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WDevSec
There are many ways to customize security of non-volatile objects (files, folders, services, registry keys etc.) on Windows systems. However when it comes to volatile Windows kernel objects which are created mainly by drivers and services (allowing them to be contacted via these objects) and recreated every time the creator driver/process starts the situation is much worse.
There are some GUI tools (e.g. WinObj and WinObjEx) which can change access permissions (DACLs) of these objects, but tools for automated securing of them seem to be pretty rare. This is what WDevSec does.

WDevSec is a command line utility able to view and change access permissions (DACLs) on Windows kernel objects. It can be used with Task Scheduler or Group Policy startup scripts to automate execution of it and set appropriate access permissions on every system startup. WDevSec can process devices, named pipes, files, sections, events, mutants (mutexes), semaphores, timers, event pairs, I/O completion ports, registry keys, directory objects, folders, symbolic links and other objects (including LPC ports) with /A option.
WDevSec can also run in background and automatically set DACLs when it receives device change notification or on specified time intervals.
With WDevSec comes with another utility - WDevList. This utility can list Windows kernel objects and (optionally) execute WDevSec on them. WDevList can be used in situations where several objects with similar names exist and they all need to be secured. WDevList can also provide bare listing as output for processing by other programs (such as batch scripts).
WDevSec uses SDDL strings containing only DACL. All account names in these strings are automatically resolved to SIDs.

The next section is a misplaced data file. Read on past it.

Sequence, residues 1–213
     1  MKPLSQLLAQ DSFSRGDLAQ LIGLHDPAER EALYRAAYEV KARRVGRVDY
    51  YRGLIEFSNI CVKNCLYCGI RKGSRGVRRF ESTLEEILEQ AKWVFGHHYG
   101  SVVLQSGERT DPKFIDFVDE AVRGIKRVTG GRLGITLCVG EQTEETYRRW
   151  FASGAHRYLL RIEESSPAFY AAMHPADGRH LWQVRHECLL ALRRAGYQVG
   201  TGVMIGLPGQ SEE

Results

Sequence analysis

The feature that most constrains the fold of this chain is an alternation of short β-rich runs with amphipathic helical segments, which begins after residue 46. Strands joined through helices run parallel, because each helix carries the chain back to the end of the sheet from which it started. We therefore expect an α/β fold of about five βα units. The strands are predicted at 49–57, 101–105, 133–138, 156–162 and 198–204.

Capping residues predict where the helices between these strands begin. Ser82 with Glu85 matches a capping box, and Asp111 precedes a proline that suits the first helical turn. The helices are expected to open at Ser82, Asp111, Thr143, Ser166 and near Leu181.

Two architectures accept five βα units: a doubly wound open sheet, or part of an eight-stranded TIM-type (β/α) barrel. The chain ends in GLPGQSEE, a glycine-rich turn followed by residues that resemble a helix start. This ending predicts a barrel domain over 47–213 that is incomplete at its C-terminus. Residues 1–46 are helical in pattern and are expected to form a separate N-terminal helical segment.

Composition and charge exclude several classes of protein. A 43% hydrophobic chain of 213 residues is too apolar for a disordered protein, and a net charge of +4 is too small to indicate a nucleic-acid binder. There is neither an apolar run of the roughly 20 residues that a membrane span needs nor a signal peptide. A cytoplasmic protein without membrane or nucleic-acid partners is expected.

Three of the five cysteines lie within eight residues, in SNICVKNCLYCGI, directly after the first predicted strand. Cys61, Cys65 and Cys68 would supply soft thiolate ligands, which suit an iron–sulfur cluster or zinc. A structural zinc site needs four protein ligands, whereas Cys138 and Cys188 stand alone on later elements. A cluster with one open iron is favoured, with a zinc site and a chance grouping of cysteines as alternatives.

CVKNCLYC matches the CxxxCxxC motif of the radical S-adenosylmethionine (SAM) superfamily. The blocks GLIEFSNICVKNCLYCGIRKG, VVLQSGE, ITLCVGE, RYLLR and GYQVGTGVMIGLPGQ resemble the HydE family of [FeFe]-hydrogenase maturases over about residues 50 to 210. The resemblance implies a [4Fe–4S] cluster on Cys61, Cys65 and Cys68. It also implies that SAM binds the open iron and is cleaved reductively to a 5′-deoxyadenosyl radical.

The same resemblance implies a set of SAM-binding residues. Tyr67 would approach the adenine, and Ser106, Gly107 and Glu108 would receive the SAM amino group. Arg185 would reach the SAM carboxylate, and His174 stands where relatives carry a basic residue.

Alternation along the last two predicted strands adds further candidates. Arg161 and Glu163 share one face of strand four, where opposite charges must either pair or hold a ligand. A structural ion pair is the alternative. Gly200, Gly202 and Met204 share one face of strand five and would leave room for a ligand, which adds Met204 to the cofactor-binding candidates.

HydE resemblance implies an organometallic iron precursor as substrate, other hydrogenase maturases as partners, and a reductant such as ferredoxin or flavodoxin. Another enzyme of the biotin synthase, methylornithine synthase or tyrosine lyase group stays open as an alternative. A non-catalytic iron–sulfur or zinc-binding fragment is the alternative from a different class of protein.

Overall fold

WDevSec may be a great solution to customize access to some Windows features as well as to third party software components. Almost every software which provides some kind of services to other programs accepts communication via some Windows kernel objects. Drivers normally create device objects, user mode software usually uses named pipes (objects in \??\PIPE\ device), Windows components often uses LPC ports. To determine what software components uses which objects for communication Windows built in auditing facility (by enabling Audit: Audit the access of global system objects and Audit object access security policy settings) can be used. Also third party software such as Filemon, Process Explorer and WinObjEx can be used for this purpose.
WDevSec requires at least Windows 2000. /A option currently is not supported on 64-bit Windows.
Some examples of its usage may be:
  • Securing WinPcap NPF driver interfaces to disallow non-administrative users raw access to network.
    net start npf
    wdevlist \Device NPF_* /E D:(A;;FA;;;SY)(A;;FA;;;BA)
  • Changing permissions of Win32 TAP driver and also Windows TCP/IP driver devices, so OpenVPN can successfully run in non-administrative account named vpnd afterwards.
    wdevlist \Device {*}.tap /E D:(A;;FA;;;SY)(A;;FA;;;BA)(A;;FRFW;;;vpnd)
    wdevsec \Device\Ip D+(A;;FRFW;;;vpnd)
    wdevsec \Device\Tcp D+(A;;FRFW;;;vpnd)
  • Prevent group limited to start processes under alternate credentials (using run as) on Windows XP.
    wdevsec "\RPC Control\SECLOGON" D+(D;;GA;;;limited) /A

Download WDevSec:
   File: WDevSec.zip
   Version: 1.2
   Size: 14698
   MD5: f0f68e9c8da54c4daf04dc28d40774f5
   SHA256: 800e521c9a3cd5f845e1e28c988a80f37d77b9fb75a92efd33566cff5b27ccc0
   PGP signature: WDevSec.zip.sig
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